I continued to walk east on St. Catherines and happened upon Phillips Square, a beautiful urban space where the retail trade began in Montreal. Rue St. Catharines had formerly been a purely residential area. Henry Morgan, a Scottish immigrant with excellent connections in the dry goods retail trade in Glasgow, had moved a retail store to a new location at St. Catharines and Phillips Square after the old city , location of most of the retailers warehouses, had suffered a devastating flood in 1886. This store, built in the solid Richardson Romanesque style, later became “The Bay”, for the “Hudson’s Bay Company”, which is a chain of about 100 fashion department stores operating throughout Canada whose origins date back to the fur traders of the 1600s. The centre of Phillips Square is home to a monument of King Edward VII, and a Birks jewellery store, located in an attractive sandstone building, flanks the square on the west side.
It was getting close to departure time so I speeded up my walk back to the hotel. There was one more major architectural attraction on my way: St. James United Church. Completed in 1889, the present St. James Church is the fourth home of the St. James congregation and due to its impressive size it used to be known as the Cathedral Church of Methodism. The two towers anchored around a central large rose window are reminiscent of great French Gothic cathedrals. As a matter of fact, St. James United Church was hidden by commercial storefronts from 1926 onwards in order to raise revenue. The church remained concealed for more than 78 years and after the demolition of the commercial buildings it was finally uncovered again in 2005 and is currently undergoing some exterior renovations.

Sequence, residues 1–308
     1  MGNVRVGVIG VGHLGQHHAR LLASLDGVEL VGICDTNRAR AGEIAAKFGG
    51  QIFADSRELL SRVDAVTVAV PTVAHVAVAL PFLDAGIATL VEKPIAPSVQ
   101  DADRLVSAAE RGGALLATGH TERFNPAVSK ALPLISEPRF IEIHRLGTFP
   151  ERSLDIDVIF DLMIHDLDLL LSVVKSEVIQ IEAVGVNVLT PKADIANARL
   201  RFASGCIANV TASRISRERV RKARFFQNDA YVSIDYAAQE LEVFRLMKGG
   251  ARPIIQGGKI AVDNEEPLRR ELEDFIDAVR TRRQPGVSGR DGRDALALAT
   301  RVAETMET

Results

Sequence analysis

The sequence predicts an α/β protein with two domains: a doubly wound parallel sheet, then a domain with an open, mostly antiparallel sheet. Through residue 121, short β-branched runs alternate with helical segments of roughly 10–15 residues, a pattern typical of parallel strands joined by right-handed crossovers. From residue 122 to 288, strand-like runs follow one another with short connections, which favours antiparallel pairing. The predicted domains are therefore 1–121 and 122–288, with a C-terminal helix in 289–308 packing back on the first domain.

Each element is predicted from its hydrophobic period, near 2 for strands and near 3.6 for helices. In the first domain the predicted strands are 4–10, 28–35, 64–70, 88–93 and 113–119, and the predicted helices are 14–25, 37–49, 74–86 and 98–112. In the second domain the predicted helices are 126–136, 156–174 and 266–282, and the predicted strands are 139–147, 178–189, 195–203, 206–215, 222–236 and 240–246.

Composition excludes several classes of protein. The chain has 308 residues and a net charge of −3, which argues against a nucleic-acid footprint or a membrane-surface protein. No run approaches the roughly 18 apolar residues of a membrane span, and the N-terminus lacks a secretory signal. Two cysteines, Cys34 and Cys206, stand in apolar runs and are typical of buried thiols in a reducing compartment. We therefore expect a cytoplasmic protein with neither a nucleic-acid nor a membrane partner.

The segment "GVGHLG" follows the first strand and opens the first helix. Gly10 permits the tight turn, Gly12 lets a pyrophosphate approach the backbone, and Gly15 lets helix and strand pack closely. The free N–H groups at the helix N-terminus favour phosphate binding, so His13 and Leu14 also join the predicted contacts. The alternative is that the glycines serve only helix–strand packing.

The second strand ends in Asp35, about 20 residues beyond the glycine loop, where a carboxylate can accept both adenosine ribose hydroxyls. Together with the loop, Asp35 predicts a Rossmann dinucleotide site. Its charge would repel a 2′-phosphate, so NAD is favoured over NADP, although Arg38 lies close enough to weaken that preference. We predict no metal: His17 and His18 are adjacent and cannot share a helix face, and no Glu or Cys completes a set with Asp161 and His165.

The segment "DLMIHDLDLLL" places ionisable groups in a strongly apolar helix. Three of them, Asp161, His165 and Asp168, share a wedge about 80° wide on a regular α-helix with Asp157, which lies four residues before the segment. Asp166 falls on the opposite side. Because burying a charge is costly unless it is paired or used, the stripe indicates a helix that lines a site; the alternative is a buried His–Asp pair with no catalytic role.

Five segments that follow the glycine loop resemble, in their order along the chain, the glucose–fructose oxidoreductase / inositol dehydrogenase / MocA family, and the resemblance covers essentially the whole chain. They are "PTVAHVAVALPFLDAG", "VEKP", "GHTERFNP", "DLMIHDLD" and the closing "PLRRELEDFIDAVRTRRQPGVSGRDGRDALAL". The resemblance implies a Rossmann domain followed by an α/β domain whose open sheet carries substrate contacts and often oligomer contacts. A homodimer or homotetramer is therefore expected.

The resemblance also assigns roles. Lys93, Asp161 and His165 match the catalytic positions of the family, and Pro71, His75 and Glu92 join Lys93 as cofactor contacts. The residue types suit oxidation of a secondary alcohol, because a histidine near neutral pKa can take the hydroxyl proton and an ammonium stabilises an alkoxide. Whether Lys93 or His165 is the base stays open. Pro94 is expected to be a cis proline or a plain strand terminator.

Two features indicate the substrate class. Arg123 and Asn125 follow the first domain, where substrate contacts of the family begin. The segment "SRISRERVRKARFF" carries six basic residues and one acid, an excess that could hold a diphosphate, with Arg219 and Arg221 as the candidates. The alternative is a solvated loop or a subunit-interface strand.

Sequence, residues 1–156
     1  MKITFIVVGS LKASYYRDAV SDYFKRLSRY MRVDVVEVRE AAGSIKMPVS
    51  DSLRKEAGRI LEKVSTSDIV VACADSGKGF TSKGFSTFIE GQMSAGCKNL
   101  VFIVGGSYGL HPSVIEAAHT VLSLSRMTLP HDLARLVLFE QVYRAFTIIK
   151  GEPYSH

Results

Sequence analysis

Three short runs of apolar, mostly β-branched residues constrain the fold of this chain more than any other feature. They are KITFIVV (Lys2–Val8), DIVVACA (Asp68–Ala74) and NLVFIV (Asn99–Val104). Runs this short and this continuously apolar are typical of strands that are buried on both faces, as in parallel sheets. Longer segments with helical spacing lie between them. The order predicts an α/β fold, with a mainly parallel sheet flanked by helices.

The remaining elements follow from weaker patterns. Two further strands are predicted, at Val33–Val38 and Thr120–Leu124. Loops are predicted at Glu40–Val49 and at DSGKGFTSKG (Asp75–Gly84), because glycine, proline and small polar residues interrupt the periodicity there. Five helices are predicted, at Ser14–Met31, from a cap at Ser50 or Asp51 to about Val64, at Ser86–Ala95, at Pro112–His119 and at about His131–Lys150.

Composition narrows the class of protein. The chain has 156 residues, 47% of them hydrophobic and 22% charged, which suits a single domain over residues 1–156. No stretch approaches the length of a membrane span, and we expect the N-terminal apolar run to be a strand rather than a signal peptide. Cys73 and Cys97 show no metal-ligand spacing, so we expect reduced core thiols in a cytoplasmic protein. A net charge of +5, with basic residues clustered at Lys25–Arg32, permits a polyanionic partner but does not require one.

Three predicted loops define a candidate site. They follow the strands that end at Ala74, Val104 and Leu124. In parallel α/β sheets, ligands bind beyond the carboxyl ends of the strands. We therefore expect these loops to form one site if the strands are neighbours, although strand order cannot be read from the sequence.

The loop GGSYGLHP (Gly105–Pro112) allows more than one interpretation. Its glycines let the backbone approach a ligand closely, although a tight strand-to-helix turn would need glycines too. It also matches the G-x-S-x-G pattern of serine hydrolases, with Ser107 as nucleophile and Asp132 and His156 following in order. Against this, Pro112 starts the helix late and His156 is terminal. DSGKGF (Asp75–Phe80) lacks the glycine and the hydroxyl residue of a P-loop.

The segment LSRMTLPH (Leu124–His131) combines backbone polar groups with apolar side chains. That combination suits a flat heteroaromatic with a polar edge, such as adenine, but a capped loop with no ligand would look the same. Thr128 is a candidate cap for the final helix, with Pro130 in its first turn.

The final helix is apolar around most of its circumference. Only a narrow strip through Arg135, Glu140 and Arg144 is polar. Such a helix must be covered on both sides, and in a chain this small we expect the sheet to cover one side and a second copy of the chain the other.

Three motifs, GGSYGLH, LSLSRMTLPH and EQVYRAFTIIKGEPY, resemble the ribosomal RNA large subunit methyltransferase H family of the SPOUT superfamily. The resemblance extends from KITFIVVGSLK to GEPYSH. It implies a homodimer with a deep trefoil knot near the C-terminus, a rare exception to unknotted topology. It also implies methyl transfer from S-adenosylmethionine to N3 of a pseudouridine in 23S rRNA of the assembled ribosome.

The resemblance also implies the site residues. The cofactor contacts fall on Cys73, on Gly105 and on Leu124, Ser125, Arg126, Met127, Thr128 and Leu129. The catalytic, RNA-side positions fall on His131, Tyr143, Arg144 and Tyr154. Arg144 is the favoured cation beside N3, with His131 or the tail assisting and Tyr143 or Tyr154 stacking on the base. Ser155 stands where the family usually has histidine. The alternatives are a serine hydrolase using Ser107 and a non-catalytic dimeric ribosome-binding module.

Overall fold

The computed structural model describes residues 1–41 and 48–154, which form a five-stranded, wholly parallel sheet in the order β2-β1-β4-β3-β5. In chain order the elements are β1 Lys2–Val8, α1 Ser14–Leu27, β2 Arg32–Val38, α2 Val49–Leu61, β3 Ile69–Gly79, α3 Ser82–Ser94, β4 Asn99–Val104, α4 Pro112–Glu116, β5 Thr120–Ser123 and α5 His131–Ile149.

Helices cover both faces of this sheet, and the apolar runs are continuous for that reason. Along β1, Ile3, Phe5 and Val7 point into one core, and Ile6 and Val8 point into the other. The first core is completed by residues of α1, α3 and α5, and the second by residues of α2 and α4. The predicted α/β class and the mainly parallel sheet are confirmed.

On my way back to the hotel I thought what amazing architectural wealth and beauty Montreal has to offer. From Old Montreal and the Old Port, first and foremost led by Notre-Dame Basilica, to its stunning Second Empire City Hall area to the historic centres of commerce on Rue St-Jacques or St. James Street to the magnificent public and religious buildings that can be seen all over the downtown core, Montreal dazzles with its architectural heritage.
Any architecture and history buff can’t help but love this city and I realized that three and a half days in this city are barely enough to scratch the surface. As I settled into my comfortable seat in the Via Rail coach back to Toronto I concluded that this trip was just an introduction, a mere overview, a brief taste of a diverse, multi-faceted city, with so many more places to explore in detail next time I come back.